Students at Virginia School Told to Remove Pro-Life T-Shirts
by Steven Ertelt
April 30, 2004
Sportylvania, VA (LifeNews.com) — As pro-life advocates expected, there were controversies this Tuesday on national pro-life t-shirt day, when pro-life students across the country wore pro-life shirts to junior high and high schools.
In Spotsylvania, Virginia, a 12 year-old student at Battlefield Middle School was initially permitted to wear her shirt. She also distributed 40 pro-life shirts to friends. According to the Richmond Times-Dispatch newspaper, a principal later asked the students to remove the shirts when they caused a classroom of students to begin debating abortion.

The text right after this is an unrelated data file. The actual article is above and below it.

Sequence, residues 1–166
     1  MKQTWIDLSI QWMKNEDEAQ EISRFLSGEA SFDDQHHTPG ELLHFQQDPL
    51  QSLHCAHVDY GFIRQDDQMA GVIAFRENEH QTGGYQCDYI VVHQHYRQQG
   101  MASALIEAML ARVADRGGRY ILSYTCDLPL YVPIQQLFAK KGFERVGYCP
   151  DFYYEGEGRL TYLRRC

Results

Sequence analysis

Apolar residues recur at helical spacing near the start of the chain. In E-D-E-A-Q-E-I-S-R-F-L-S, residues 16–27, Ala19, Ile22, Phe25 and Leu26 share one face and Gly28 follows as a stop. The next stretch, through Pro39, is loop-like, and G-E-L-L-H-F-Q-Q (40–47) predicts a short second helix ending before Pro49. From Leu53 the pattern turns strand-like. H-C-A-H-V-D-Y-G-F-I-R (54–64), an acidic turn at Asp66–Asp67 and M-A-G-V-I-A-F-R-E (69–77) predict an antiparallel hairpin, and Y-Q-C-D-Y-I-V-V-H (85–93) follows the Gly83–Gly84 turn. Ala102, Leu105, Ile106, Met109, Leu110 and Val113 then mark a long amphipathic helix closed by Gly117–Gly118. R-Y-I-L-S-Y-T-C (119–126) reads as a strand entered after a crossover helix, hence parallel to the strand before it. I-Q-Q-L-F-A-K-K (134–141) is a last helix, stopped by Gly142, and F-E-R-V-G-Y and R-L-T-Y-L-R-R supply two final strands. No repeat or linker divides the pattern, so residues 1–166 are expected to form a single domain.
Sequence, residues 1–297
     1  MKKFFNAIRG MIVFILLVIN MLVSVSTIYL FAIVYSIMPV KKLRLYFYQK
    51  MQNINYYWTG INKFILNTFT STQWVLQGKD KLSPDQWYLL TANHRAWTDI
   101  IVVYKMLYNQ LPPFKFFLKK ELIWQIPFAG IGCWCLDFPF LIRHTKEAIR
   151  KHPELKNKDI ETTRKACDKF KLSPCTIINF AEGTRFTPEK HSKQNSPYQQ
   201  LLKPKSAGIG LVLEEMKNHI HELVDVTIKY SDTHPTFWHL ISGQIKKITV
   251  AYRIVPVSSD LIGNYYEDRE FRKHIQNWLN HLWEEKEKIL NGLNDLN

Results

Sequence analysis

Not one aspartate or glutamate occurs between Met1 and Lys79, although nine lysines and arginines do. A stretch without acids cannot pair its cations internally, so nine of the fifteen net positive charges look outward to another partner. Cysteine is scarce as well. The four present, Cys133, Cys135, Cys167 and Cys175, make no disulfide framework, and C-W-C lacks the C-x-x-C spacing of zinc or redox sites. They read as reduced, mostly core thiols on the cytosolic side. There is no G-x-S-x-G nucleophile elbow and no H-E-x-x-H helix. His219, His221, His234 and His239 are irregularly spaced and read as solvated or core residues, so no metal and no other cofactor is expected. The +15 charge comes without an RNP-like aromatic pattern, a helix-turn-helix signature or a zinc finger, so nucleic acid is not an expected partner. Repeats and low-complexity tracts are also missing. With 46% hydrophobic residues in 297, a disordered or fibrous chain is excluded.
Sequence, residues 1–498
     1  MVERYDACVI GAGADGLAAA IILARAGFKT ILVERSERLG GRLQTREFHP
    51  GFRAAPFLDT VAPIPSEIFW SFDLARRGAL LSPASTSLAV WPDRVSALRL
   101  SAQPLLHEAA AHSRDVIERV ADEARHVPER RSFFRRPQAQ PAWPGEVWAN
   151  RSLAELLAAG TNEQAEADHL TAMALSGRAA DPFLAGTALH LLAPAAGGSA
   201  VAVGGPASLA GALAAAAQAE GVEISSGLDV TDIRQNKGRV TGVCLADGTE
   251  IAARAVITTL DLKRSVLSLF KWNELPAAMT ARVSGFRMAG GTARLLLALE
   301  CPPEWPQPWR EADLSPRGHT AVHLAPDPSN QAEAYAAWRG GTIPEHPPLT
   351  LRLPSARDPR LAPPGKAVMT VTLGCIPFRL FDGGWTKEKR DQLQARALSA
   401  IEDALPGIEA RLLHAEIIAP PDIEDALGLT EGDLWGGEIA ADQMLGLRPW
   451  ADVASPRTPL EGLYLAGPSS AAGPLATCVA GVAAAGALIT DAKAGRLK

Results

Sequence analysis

The shirts in question show a picture of a 4-month old developing unborn child and asks "Do you really believe this isn’t a baby?"
Erik Whittington of the pro-life group Rock for Life, called the school to complain about the incident, but received no response.
Battlefield principal Sheila Smith asked the students to remove the shirts after a classroom erupted into a debate over abortion, Spotsylvania School Superintendent Jerry Hill told the Richmond newspaper.
Hill pointed to district policy allowing school officials to prohibit "any apparel that causes a disruption to the educational process" and said students at other district schools wore the shirts with no problem.
In advance of the shirt day announcement, the Thomas More Law Center, a pro-life law firm, announced that it would provide, as it has done in the past, pro bono legal representation for students prevented from wearing their shirts.
A spokeswoman from the firm told the Dispatch newspaper that it had been contacted about the Spotsylvania situation but would not comment further.
Whittington said he had also heard of students facing similar problems in Ohio and California.